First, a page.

A filament of dark matter, which works like the Universe’s backbone, and dictates where galaxies can form, was observed for the first time by astronomers using a technique that could help astrophysicists understand the structure of the Universe.
Jörg Dietrich, a cosmologist at the University Observatory Munich in Germany and his team, published their findings in the journal Nature. The researchers directly detected a slim bridge of dark matter joining two clusters of galaxies.
Visible stars and galaxies are supposed to trace a pattern across the sky, which is known as the cosmic web, according to the standard model of cosmology. This web was originally etched out by dark matter, which is hypothesized to account for almost 80% of the Universe’s matter. After the Big Bang, some regions were slightly denser than others, and pulled in dark matter that clumped together into flatter surfaces. When these surfaces intersect, they result in long strands of dark matter, or filaments. Clusters of galaxies are formed at the nodes of this cosmic web, where the filaments cross.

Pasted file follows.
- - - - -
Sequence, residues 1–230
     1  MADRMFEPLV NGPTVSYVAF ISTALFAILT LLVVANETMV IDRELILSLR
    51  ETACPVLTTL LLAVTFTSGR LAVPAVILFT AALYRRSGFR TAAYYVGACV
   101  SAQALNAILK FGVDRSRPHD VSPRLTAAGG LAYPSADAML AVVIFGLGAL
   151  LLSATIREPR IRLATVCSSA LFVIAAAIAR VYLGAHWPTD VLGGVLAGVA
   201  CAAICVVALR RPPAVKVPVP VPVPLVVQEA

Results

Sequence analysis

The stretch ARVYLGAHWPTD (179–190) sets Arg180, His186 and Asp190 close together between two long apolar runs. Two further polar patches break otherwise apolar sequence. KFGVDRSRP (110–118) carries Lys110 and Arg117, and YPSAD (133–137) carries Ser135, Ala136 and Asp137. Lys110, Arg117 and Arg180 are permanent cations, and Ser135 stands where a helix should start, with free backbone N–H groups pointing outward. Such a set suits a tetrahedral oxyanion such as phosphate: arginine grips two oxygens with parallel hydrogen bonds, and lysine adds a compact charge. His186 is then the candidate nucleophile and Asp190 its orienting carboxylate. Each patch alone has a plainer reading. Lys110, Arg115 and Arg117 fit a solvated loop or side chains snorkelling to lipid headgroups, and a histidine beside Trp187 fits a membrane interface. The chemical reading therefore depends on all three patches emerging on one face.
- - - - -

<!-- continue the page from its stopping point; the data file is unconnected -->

Dark matter is usually inferred by gravitational lensing, when its strong gravity bends light traveling from distant galaxies. The gravitational lensing of these dark matter filaments is hard to see because they contain little mass. Dietrich and his colleagues solved this problem by studying a massive filament, 18 megaparsecs long, that bridges the galaxy cluster Abell 222 and Abell 223. This particular filament is oriented so that much of its mass lies in the direct line of sight to Earth, which has the effect of enhancing the lensing effect.
The scientists examined the distortion of more than 40,000 background galaxies, and were able to calculate the mass of the filament as 6.5 × 1013 and 9.8 × 1013 times the mass of Sol. X-rays of the plasma in the filament were observed by the XMM-Newton spacecraft, which allowed the team to calculate that no more than 9% of the filament’s mass could be made up of hot gas. Another 10% of the mass could be due to visible stars and galaxies, something that computer simulations suggested. The bulk of it is dark matter.
It’s not yet known why baryonic matter follows the paths laid out by dark matter. This unusual system might let scientists map out how dark matter and normal matter interact, connect, and evolve along the filament. Japan’s Astro-H X-ray space telescope, which will be launched in 2014, might be able to characterize the ionization state and temperature of the plasma in the filament, which will help discriminate between different models of how the structure formed.